SAN ANTONIO — Lyndsey Calton wasn't exactly looking for a spot on a girls' team.
The 13-year-old standout in the San Antonio Dixie Youth League likes the pace of baseball and the competition she's found in the boys' league. Then she found out about an elite national all-girls baseball team for players like her — and she earned a coveted spot.
Calton will suit up next month with the Sparks, which will compete against boys travel teams in Cooperstown, N.Y., from Aug. 12-19.
"I'm really looking forward to the opportunity," said Calton, who attends Pasco Middle School. "I've only ever been a baseball player. I've never wanted to play softball. Ever since I started playing four years ago I've always wanted to play against the boys because it's more competition."
The all-girls Sparks team will be managed by Robin Wallace, a member of the 2004 USA Baseball Women's National Team that captured a gold medal at the Women's Baseball World Cup.
The opportunity to play for the Sparks came by chance after Calton's mother, Lisa, happened across an article about Justine Siegal, the first woman to serve on the coaching staff of a men's professional baseball team (the Brockton Rox of the Can-Am League). Siegal is the founder of "Baseball for All," an organization that provides meaningful baseball instruction and playing opportunities for people around the world.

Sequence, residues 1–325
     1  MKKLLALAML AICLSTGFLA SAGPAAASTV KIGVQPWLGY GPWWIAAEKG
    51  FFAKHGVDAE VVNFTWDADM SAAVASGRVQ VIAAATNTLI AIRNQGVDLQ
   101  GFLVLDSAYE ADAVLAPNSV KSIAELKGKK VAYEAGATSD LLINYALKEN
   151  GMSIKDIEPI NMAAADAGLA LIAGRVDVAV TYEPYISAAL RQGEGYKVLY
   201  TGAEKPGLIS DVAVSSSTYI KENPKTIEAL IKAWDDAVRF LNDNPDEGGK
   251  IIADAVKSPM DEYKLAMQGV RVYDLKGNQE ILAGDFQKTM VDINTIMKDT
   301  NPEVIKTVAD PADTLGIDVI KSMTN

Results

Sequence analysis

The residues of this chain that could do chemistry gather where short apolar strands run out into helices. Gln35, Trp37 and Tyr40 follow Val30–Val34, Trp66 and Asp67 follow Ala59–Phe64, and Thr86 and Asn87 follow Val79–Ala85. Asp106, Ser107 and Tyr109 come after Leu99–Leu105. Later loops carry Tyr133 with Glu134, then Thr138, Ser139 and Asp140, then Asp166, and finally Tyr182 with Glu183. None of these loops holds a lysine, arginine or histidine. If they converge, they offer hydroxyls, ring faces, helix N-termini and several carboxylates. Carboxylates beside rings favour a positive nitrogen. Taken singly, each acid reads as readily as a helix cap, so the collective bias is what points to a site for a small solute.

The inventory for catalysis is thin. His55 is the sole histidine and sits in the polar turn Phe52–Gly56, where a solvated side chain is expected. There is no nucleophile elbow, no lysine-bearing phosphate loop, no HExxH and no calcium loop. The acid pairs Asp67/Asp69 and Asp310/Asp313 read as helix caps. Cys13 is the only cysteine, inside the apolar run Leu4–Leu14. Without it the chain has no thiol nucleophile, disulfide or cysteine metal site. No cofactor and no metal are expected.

She has organized numerous girls' and women's baseball tournaments and coached more than half a dozen international girls' baseball teams.
"I just happened to find out about the Baseball for All team on the Internet," Mrs. Calton said. "She (Lyndsey) wanted to do it, so she and her father flew up to Michigan to get on the team."
The Cooperstown tournament will provide a different experience for Lyndsey Calton, who has only played on an all-girls team during the Baseball for All selection tournament where she was picked for the Sparks.
"I'm looking forward to playing with some other girls that are on my level, but I think I'll be excited when I get back home to play with boys against boys," Calton said. "I'm not sure why but when I played at the tournament to get on the team it was different. The pitches weren't as fast and I just wasn't as comfortable as when I'm playing with boys."
Mrs. Calton said her daughter has a "natural swing" that allowed her to quickly pick up the game. Now she's a force at the plate.
"I've got boys that don't want to play short stop when she takes batting practice," said Calton's coach, John Smith. "She hits more line drives than anybody else on the team. When she gets on a roll, it's fun to watch."
Smith said Calton is the first girl he's coached, but he'd gladly take more like her. "She has what a lot of the boys don't: a desire to play baseball," he said.